Now its time to head back south to get a flight home from BA June 19. What we found out about the still continuing road blockade is that they are protesting a lack of public transportation. The blockade started ironically on the same day that the new 250 million dollar cable car system from this area El Alto to the center opened. It transports 18,000 people an hour!
From La Paz going south on the 1 is construction all the way to Oruro, but this is only 220 km.
The next town is Challapata in 121 km more, but it is pretty sketchy, so that leaves a big ride all the way to Potosi at 535 km.
It was pretty windy at times, but at least it was mostly with us. Arriving here we ended up going up the same crazy steep stupid road as we did last time. Well at least we knew the way to the hotel from there.
Mike Waterman had suggested we visit the mint and we did. This is the Casa de Modena and you can only visit by going on a tour. It was pretty interesting, but if you had to choose I would go to the Santa Teresa Convent like we did the first time we were here.
Mules powered the early machines, then steam machines took over and these were finally replaced with electric presses.
There were all kinds of scales for weighting various metals. The strong boxes had very intricate keys and lock mechanisms.
There were also on display a number of silver art objects and a huge mineral collection.
Getting out of the city is a lot less traumatic then getting in and we had come from Uyuni last time and so finally we were on virgin road again.
The scenery is very different here from the high mountain pass and plateau from Uyuni. It is a very windy road going down from 4000m to 3500m and the temperature went from 10 to 18 degrees. We headed south to Tupiza where we spent our last 5 Bolivianos on gas and headed to the border at Villazon in 345 km. If you want to change money all the casas de Cambio are on the Bolivian side. We ended up changing USD at a corner store, as there are NO blue market traders on the Argentinian side. Arriving here at the border park on the bridge and to the right. Just ahead to the left is the Bolivian Aduana (where we got our import papers) so go here and cancel your temporary permit. They want your permit and passport. Then head across the road to the Bolivian Immigration where you get your passport exit stamp. The office next to this is the Argentinian Immigration. Here you fill in the tourist paper and get a passport entry stamp and permission for 90 days visit. They will of course want to see your reciprocity receipt. Now go back across the road to the Argentinian Aduana and get your temporary permit. Here they want your passport, title, and proof of insurance. Make sure you ask for 6 months for the bike if you need it and it much easier to get your stay extended then the bike.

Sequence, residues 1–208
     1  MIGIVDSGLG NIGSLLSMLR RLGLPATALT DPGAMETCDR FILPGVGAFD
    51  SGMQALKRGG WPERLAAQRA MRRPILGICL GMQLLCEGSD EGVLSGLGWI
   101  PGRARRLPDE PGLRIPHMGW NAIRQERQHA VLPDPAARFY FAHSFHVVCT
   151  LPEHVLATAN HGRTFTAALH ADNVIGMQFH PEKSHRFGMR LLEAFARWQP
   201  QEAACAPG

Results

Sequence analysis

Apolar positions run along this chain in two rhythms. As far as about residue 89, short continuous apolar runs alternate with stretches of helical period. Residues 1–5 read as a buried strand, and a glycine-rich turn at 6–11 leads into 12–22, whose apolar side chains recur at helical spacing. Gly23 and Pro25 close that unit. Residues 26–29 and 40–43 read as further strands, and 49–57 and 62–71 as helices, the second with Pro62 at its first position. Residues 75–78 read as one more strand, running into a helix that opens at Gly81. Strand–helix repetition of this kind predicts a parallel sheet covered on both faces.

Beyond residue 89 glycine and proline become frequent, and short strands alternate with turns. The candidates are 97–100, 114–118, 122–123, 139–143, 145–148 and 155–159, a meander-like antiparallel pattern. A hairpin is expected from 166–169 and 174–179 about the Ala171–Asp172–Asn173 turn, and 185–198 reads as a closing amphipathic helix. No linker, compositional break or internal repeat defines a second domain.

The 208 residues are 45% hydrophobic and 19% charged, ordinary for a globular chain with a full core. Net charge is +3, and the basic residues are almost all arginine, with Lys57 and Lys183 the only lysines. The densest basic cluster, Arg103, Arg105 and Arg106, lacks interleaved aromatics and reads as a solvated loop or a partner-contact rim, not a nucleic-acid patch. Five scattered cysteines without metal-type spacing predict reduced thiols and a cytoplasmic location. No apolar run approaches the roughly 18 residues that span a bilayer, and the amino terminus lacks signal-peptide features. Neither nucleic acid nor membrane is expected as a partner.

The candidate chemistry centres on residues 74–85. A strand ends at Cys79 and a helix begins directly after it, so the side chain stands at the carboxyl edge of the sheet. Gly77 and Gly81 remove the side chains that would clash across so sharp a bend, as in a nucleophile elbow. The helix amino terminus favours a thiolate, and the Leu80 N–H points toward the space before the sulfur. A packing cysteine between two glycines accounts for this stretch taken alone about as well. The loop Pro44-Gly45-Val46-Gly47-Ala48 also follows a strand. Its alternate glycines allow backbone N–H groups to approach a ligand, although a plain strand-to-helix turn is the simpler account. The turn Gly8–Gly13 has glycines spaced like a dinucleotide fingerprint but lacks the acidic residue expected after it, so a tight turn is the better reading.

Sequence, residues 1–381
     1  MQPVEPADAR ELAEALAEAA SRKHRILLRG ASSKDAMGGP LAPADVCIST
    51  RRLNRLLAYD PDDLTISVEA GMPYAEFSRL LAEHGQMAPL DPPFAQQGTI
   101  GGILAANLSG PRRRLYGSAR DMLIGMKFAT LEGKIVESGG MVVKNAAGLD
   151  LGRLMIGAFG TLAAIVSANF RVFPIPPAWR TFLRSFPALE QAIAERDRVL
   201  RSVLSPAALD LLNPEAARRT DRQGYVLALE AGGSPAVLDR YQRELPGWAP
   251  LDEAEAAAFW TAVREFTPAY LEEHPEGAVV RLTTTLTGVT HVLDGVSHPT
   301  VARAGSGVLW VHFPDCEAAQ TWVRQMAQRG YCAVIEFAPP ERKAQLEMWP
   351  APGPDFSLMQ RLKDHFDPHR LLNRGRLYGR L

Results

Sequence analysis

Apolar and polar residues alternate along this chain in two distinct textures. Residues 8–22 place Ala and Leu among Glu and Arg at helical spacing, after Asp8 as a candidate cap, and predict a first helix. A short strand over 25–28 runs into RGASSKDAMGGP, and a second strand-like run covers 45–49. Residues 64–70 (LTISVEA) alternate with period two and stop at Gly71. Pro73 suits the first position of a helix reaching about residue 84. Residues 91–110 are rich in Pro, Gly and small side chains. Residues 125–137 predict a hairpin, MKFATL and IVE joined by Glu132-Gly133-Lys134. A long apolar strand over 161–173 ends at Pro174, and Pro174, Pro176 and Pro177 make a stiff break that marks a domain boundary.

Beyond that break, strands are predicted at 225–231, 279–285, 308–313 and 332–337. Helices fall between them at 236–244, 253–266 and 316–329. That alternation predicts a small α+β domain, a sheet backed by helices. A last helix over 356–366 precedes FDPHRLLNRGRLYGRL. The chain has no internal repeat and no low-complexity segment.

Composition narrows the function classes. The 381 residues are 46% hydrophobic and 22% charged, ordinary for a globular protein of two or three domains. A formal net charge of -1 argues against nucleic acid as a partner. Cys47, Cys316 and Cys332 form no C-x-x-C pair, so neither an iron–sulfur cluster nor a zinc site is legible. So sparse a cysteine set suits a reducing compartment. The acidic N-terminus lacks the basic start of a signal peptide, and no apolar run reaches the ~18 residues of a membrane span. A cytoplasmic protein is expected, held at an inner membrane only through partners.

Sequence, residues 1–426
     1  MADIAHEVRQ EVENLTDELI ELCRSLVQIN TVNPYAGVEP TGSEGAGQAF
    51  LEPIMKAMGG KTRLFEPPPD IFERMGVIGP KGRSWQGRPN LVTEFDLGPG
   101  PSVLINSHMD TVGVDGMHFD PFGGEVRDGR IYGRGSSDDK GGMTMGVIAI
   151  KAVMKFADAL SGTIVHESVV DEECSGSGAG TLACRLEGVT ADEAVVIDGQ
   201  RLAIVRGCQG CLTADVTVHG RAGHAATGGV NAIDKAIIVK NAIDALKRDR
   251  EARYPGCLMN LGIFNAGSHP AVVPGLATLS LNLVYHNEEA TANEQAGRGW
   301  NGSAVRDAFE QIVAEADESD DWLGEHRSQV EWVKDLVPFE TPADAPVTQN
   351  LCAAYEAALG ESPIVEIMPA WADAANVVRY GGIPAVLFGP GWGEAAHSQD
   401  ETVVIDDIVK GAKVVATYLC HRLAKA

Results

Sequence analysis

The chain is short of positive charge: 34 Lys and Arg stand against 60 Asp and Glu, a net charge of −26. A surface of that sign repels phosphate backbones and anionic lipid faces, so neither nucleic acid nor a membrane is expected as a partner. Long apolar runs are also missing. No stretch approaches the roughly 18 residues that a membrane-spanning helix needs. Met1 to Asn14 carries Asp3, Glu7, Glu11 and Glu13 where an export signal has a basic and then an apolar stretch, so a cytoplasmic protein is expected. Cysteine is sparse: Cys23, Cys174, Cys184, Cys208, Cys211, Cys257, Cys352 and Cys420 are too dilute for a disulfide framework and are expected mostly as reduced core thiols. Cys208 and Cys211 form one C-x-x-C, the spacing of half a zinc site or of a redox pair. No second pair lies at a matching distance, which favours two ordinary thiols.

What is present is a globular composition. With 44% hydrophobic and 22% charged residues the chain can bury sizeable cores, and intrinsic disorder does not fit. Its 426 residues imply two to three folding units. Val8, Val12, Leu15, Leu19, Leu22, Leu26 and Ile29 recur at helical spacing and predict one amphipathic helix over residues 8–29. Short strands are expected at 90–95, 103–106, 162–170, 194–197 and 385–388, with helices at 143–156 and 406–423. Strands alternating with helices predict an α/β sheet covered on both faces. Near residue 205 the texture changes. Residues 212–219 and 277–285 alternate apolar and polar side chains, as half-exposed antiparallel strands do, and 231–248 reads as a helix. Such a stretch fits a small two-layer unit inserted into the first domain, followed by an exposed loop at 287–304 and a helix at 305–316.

Heading into town it was nice to know where the hotel and a good restaurant were already. Filling up with Argentinian gas was also a good feeling after crappy Bolivian gas.
Today we left 3700 m and ended up 200 km later at 2100 m. It was also very windy with it luckily mostly at our backs and with driving at 100 km/hours we made it with 3 liters per 100 km.
Thoughts on Peru and Bolivia.
The coast of Peru is sand, garbage, wind, and chicken farms. The towns north of Nazca all look post- apocalyptic and in fact in Chicalayo we thought we were in a Mad Max movie. The scenery and towns south of Nazca do improve and Tacna is quite nice. In the south it is much the same with the exception of Arequipa and Cusco. The garbage here is unbelievable and in huge contrast to the natural beauty.
Bolivia is another myth shattered. We were always sold gas without much issue. The people were universally nice to us and friendly. We were never hassled by police. That said this country also has a garbage problem. With the exception of Sucre, Potosi, and parts of La Paz it too looks like after Armageddon.
From the border we headed south 228 km to Purmamarca which, is a tourist enclave because of the beauty of the valley.
There is a nice walk here thru the valley of the colors.
From here we headed to Salta in 156 km for a 3- day stay to rest up and clean up.